Arts & Entertainment, Music
Melodic and Rhythmic Dimension
Lesson time 10:51 min
Learn about melody, rhythm, and dynamics in ʻukulele playing.
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Topics include: Rhythm · Dynamics
[00:00:14.52] MALE SPEAKER: I love taking a melody and just being able to figure out a nice way to arrange the other strings to support whatever that note is. And the easiest way to approach it for me is just taking a melody of a song and just learning to play it on the first string. So let's take something as simple as like a Twinkle Twinkle Little Star. Let's start on one, three, so here we are. [00:00:44.85] The next note is one, 10, then one, 12, then back to one, 10, right? Now there's a lot of different ways that I can support this melody. I could play a C chord with it, and then the next chord, I could play an E minor voicing. Then I could go to an F chord, and then I could go back to a C. [00:01:15.87] So there's so many different ways that you can support one note. What we're doing is we are playing chords and attaching some kind of chord voicing to every melodic movement. So now, instead of doing something like this, where I'm playing a chord and then single note, single note, now, I'm going to play a chord with the chord with a chord and then another chord with a chord, chord, and then chord, chord, chord, then back to chord. [00:02:09.34] See that? So now with every melodic note, I attach an actual chord voicing to it. So that's a very simple approach, just taking the melody, figuring out what key works best to allow it to lay on the first string, and then you just find the right voicings that allow you to play the chord that kind of fits the character of the song. And you're able to still play that top melodic note, OK? So here's the melody of Fly me to the Moon, one of my favorites. [00:02:55.20] Basically, I'm going to attach. So over this, fly me to the moon, that's all over E minor. Fly me to the moon, and then it changes there. So I'm going to hold a voicing of E minor. This is an E seven, and then now the next note is here. [00:03:19.32] So I'm going to hold an E minor, and that note is an F sharp. So this is a E minor with the added nine, and then I'm going to come down here. Now, I'm going to change to the A minor chord. Now, D7. See that? I'm figuring out chord voices or voicings and positions that I can play, so I can keep the melody intact. [00:04:15.37] When I was in high school, I played in a marching band, and I played drums. I remember after band practice, I would pick up my 'ukulele, and I would plug it into one of those bass amps. And I would just practice a lot of the different parts that we'd play on the drums. I'd play them on the 'ukulele, like things like that kind of thing. [00:04:40.87] And what that helped me to do was loosen up my wrist, and I realized that a lot of the drumming techniques or the way that my hand felt when I was drumming could be applied to my strumming, you know? So exercises that I would do was just like down up strokes, making them very even, maybe accenting certain beats, and then also internalizing that. So even when I'm not making contact with the strings, I'm still feeling that...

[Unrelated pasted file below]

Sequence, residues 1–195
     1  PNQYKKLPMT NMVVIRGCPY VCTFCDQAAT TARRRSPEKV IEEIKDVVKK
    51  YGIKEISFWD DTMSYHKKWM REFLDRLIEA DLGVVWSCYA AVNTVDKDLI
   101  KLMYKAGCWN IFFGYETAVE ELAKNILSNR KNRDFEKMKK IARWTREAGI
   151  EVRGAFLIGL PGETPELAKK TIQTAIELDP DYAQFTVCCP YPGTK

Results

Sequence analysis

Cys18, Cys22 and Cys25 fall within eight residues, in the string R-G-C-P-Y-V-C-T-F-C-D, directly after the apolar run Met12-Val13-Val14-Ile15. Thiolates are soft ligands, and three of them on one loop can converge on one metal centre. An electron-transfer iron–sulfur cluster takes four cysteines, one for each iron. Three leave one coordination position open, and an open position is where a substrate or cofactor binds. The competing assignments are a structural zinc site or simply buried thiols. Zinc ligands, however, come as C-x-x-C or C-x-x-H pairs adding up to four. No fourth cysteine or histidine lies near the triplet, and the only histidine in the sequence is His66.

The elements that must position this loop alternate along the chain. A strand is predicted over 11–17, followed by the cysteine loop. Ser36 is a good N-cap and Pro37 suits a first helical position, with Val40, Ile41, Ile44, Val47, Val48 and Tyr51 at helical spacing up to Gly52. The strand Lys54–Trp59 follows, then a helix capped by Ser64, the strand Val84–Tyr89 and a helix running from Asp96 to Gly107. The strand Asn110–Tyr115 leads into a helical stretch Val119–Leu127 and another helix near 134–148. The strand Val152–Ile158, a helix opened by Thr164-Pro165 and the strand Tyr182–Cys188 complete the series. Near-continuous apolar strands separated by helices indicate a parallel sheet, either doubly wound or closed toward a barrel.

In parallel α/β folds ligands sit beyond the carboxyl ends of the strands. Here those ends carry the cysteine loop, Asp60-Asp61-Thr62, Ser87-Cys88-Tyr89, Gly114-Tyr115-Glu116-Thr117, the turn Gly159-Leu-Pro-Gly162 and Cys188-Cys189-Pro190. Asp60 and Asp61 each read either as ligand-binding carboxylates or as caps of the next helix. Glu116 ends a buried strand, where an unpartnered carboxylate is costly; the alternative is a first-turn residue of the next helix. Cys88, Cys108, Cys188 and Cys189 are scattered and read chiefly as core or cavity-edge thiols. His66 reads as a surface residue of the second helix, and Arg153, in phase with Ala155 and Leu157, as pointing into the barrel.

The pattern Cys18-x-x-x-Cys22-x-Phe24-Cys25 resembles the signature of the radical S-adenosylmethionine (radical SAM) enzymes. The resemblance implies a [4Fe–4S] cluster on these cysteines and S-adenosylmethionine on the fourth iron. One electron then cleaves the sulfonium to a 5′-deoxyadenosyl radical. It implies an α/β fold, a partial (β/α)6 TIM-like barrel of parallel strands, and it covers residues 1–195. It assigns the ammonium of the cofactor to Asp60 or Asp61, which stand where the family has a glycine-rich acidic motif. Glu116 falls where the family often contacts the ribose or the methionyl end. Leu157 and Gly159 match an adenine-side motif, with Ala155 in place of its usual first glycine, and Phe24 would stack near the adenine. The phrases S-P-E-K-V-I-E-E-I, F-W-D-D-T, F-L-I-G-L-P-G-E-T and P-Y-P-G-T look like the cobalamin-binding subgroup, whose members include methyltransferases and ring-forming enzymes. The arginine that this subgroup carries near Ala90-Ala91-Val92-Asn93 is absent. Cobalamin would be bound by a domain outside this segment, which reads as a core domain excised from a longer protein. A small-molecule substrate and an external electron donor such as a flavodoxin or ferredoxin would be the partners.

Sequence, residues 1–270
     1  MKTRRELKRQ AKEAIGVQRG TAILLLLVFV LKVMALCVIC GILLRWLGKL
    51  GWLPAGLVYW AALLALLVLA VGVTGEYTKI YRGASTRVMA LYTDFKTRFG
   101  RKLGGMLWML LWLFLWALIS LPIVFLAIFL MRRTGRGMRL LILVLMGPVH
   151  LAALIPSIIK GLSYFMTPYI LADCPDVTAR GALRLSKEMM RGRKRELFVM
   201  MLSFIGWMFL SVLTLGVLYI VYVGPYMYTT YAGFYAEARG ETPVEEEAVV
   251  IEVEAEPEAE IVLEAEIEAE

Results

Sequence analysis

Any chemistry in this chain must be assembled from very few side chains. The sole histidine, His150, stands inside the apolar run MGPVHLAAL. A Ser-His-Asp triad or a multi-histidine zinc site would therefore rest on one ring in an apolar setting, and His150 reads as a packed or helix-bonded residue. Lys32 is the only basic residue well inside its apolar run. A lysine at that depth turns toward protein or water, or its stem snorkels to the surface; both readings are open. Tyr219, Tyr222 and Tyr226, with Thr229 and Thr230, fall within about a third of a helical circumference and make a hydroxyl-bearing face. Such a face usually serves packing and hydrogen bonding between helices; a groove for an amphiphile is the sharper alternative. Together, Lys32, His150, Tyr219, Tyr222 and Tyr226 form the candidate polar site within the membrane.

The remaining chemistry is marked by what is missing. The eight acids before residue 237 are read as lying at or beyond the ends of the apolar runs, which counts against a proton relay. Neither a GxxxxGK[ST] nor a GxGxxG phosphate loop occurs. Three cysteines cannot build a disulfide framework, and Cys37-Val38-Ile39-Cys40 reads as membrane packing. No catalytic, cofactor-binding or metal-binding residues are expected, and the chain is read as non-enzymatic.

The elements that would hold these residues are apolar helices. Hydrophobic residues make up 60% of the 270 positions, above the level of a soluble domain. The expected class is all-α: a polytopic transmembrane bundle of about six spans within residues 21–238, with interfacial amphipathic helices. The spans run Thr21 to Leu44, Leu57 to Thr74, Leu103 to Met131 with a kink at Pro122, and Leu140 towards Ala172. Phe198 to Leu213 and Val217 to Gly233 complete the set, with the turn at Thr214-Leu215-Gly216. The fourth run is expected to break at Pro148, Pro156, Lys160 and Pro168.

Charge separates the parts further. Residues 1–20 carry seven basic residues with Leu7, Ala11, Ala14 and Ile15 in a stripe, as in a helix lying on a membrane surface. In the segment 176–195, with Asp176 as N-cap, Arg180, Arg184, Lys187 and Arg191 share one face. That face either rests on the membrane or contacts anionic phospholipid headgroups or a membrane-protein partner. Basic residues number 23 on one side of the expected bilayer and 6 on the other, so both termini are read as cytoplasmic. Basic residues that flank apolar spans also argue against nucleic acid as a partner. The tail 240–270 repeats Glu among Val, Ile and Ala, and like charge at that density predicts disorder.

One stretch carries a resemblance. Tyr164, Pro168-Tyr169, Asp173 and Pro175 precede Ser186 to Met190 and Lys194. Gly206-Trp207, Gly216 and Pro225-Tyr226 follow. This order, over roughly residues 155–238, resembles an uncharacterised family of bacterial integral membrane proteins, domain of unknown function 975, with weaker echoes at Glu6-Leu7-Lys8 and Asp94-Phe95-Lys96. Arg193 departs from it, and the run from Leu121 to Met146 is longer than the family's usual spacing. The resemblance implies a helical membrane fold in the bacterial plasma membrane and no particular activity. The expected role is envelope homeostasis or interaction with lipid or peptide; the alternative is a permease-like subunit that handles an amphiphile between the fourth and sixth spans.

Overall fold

About the Instructor
Called the “Jimi Hendrix of the ʻukulele,” Jake Shimabukuro won worldwide acclaim for his fresh and fearless musical interpretations. Now he’s sharing his approach so anyone can experience the joys of the ʻukulele, from the simple chords that make up hundreds of songs to more complex fingerings and compositions. Learn how to adapt songs you love for ʻukulele or write your own. Stop worrying and start strumming.
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